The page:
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For what they charge, its unacceptable that you're unhappy with how that particular area turned out. I imagine they would be willing to fix it for you. As a kind of "warranty" of their work and for the satisfaction of their client. I would..
 

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This is one area in which communication is crucial. The customer's expectations must be understood in advance, while the restorer's capabilities and limitations (if any) must also be understood. Since Colt's stamped numbers in almost every fashion that can be thought of, from the business side, you might have been upset if they straightened the numbers out.

Communication and expectations.
 

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If I understand correctly, you had this job done a few years ago. I have to ask why it is bothering you now and not when it was returned to you then?
 

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Discussion Starter #24
If I understand correctly, you had this job done a few years ago. I have to ask why it is bothering you now and not when it was returned to you then?
It bothered me right away but I thought maybe I was being too "fussy" so I let it slide. I probably should have asked the question on this group right away, but I put it in the safe and didn't think about it too much. Now, every time I look at it, it bothers me more and more considering how much I paid for this resto and the fact that the numbers were fine before they did this.
 

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Discussion Starter #25
To be fair here and not make it sound as hard as I might have originally. I have two projects in the works right now at Turnbull's. One that needed correcting that I had to send back. And one that is there now they are working on. As I mentioned I have been working with them for 25+ years. Which should imply that I like their work...which I do. But anyone can make a mistake...and we all do. But when you charge a fair bit over typical shop rates you need to get it perfect.

In the 30+ years of jobbing out work I have had almost every supplier I use redo something. With one rare exception, generally no big deal, you just need to ask. Even my "rare exception" has a new job they are working on for me at the moment. Hard to say, "never again" and stick to it over a couple of decades :)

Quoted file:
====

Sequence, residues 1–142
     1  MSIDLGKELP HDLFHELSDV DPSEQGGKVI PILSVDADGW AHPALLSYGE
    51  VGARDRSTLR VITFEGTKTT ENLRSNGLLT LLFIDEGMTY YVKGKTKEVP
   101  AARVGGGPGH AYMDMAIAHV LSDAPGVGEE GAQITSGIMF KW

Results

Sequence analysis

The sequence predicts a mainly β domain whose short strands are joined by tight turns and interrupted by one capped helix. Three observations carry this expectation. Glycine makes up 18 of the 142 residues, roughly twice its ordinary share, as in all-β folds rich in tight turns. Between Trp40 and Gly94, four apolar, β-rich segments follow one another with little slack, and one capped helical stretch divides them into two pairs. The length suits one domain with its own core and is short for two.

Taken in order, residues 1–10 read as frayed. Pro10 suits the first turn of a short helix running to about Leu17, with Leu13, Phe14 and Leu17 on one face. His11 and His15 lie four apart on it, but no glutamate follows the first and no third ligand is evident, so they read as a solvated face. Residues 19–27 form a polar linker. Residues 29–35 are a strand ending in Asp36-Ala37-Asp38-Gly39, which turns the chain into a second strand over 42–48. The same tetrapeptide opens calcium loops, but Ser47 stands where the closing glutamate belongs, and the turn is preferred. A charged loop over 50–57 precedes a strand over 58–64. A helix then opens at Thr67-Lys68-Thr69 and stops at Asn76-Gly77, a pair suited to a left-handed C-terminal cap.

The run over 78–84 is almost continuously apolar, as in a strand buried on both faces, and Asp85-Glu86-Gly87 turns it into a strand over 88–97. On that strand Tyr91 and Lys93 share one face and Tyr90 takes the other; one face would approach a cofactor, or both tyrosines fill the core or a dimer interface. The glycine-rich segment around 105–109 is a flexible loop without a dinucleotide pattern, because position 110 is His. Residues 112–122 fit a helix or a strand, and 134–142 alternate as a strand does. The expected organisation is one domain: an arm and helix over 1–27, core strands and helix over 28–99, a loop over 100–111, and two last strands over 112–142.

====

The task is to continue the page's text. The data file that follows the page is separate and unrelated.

There have been a few times over the years when I wasn't at all happy with the case colors and I sent the frames back to re-do. They were always great to work with. I guess I imagined that this wasn't fixable but I'm glad to hear that there are in fact options, if perhaps they aren't easy fixes. I'll send it back and see what Denny says.
 

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After an extended period of time I'm not confident that Turnbull will address your concerns for free. They may offer a reduced rate to keep you happy but you would have a much stronger case had you contacted them right away. That said, it cost nothing to ask. Remember you catch more flys with honey.....
Now, please SHOW US THE GUN!;)
 

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I also agree that the job is not up to par whatsoever. But I believe after 2 years it might be to late for a redo with them. I hope not of course. Hope it turns out good for you as I understand your feelings with the end result on your gun. Very strange that they let this go out the door in this state. Just my 2 cents worth.
 

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After an extended period of time I'm not confident that Turnbull will address your concerns for free. They may offer a reduced rate to keep you happy but you would have a much stronger case had you contacted them right away. That said, it cost nothing to ask. Remember you catch more flys with honey.....
Now, please SHOW US THE GUN!;)
Rick is right on here ^^^^ ( Remember you catch more flys with honey..... ) That's what I would try my friend.